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By Joe Rand and Ben Hoen
Solar power is blazing hot in a growing number of communities across the U.S. And nowhere is it hotter than in sunny California. California is home to two out of five customer-owned solar systems in the U.S.
As solar panels become common features on homes, they are becoming part of the process of buying and selling real estate.
How does solar power affect home sales?
Research from the Berkeley Lab, Elevate Energy and the Center for Sustainable Energy shows that buyers think solar is a desirable feature, but that they, realtors and appraisers need more help to find and value solar homes.
California is by far the U.S. leader in solar on homes. The Golden State has bountiful sunshine, historically strong state incentives and some of the highest electricity rates in the country. Homeowners in the hot Central Valley can see summertime bills soaring for air conditioning and pool pumps, making solar a very attractive option.
Back in 2004, California Gov. Arnold Schwarzenegger set a goal of 1 million solar roofs by 2018, leading to the creation of the $3.3 billion Go Solar California! Campaign. Progress has been outstanding, with more than 537,000 homes, businesses, schools and farms sporting solar panels, according to data from state agencies.
That much solar means that solar homes are becoming common in some neighborhoods.
To find out how common, we worked with the Center for Sustainable Energy (CSE) to analyze solar homes by zip code and compared that with the number of single family homes in those same zips.
We found that San Diego County is an especially hot spot for solar in California, with 21 of the top 50 zip codes in the state. CSE estimates that San Diego County has 76,239 solar homes as of April of this year—that's one out of eight single family homes.
Top 10 California Zip Codes by Percent of Homes with Solar
Zip codes are limited to those with more than 5,000 single-family homes, in the service territories of Pacific Gas & Electric, Southern California Edison, San Diego Gas & Electric and Los Angeles Department of Waterand Power. Data as of April 30.CPUC, LADWP, U.S. Census
And some neighborhoods have much more. Scripps Ranch, on the north side of town, is 26 percent solar, according to CSE, making it the most solar-saturated zip code in the state. Six zip codes in San Diego county exceed 20 percent. (See an interactive database below of the top 50 solar home zip codes in California).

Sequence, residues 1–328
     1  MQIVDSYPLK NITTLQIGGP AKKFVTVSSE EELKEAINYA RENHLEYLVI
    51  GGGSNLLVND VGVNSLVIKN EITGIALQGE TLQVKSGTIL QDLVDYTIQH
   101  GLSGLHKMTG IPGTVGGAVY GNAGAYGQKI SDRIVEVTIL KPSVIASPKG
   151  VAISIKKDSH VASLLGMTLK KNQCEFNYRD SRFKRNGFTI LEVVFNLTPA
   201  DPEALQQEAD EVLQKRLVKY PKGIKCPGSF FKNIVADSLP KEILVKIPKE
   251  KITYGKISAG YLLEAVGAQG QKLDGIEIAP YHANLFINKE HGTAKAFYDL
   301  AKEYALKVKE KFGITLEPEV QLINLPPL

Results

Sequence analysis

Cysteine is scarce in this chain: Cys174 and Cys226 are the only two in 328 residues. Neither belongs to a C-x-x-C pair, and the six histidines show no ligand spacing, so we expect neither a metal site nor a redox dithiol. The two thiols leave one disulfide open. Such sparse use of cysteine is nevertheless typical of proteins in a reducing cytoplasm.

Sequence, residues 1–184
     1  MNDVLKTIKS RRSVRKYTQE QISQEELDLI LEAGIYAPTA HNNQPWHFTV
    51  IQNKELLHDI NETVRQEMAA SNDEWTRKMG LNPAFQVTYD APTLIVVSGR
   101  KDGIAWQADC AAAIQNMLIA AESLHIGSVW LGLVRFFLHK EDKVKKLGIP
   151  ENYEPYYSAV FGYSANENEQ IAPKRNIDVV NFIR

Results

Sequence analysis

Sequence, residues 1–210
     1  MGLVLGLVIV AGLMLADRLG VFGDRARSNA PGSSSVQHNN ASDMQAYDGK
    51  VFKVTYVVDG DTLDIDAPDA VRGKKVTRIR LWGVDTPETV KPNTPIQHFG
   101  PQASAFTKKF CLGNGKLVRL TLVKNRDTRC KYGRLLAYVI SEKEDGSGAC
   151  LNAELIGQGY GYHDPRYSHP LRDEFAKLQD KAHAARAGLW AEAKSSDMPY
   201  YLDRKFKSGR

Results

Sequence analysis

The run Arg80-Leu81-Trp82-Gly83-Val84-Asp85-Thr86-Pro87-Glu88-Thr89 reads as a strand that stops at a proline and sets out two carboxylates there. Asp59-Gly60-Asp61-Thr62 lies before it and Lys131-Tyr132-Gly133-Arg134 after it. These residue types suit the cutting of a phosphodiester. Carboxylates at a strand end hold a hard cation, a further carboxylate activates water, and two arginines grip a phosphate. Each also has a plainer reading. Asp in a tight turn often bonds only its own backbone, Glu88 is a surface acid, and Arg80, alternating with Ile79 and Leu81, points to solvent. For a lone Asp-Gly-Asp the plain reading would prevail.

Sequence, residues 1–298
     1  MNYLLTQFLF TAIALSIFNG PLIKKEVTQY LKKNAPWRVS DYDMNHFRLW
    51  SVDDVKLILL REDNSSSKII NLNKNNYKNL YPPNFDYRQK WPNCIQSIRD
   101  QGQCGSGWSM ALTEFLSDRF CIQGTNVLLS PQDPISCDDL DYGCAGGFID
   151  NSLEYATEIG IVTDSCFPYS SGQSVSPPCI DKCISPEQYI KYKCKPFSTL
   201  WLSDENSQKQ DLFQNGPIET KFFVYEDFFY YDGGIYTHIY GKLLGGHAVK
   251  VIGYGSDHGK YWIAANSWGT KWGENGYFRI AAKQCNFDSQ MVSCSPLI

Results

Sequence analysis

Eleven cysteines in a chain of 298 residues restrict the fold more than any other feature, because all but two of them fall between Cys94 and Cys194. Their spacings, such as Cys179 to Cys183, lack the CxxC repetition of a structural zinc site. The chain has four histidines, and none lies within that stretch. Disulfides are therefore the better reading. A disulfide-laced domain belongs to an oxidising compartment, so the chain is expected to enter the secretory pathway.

And as the number of solar homes increases, more solar homes are entering the real estate market.
"We've seen a pretty substantial increase in solar homes sales over the past few years," said J. Daniel Geddis of One Mission Realty in San Diego.
He expects solar home sales to increase over time, due to the time lag between when solar is installed and when the house may be sold. "When people put solar on or do a big improvement they don't sell their house right away," he points out.
High concentrations of solar homes in a neighborhood means that home buyers, realtors and appraisers are dealing with them every day.
Yet the standard tool for finding homes on the market, the Multiple Listing Service or MLS, typically doesn't include information on solar power.
"The average buyer is becoming more educated, but a lot of education still needs to happen," Geddis said. "They see solar panels and think 'that's great' but they don't think about whether it's leased or owned, how much they put out or how old they are."
"The biggest problem is getting information out to buyers as well as to real estate agents, since not all agents understand it either," he added.
Berkeley Lab is working with Elevate Energy and a team of experts from the real estate, appraisal and MLS communities to enable agents to add details about solar systems to MLS databases across the country. This will increase transparency and make it easier for shoppers, realtors and appraisers to find solar homes and properly value solar as a feature.
And solar does indeed have value. A series of reports by Berkeley Lab, including Selling Into The Sun and Appraising into The Sun, have found that solar power that is owned by the homeowner can increase the sales price of homes by an average of $4 per watt or $15,000 for a typical system. Premiums are dependent on the size and age of the solar system, the prevailing price of electricity and the "replacement" cost of similarly sized system in the neighborhood.